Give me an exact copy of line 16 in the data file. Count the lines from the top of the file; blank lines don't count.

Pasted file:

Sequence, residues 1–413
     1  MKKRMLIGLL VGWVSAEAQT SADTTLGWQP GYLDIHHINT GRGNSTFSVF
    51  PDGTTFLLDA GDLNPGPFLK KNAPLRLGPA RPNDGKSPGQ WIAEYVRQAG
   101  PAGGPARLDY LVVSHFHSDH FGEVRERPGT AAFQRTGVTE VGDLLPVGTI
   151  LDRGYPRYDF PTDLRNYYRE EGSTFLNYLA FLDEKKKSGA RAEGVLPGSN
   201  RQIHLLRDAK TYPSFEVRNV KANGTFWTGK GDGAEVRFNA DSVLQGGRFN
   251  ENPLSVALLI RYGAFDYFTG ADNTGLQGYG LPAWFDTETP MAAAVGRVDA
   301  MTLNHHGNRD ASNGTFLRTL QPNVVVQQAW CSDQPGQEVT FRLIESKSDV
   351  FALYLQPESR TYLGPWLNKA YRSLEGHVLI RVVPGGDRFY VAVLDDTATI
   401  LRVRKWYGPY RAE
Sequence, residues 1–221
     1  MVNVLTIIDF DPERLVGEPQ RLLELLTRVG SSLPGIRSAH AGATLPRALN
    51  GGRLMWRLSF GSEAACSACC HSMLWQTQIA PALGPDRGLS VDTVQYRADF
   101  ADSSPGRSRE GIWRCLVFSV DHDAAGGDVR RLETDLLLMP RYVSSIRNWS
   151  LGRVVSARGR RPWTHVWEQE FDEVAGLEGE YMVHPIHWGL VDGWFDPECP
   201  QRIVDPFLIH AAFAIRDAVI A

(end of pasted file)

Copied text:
   201  QRIVDPFLIH AAFAIRDAVI A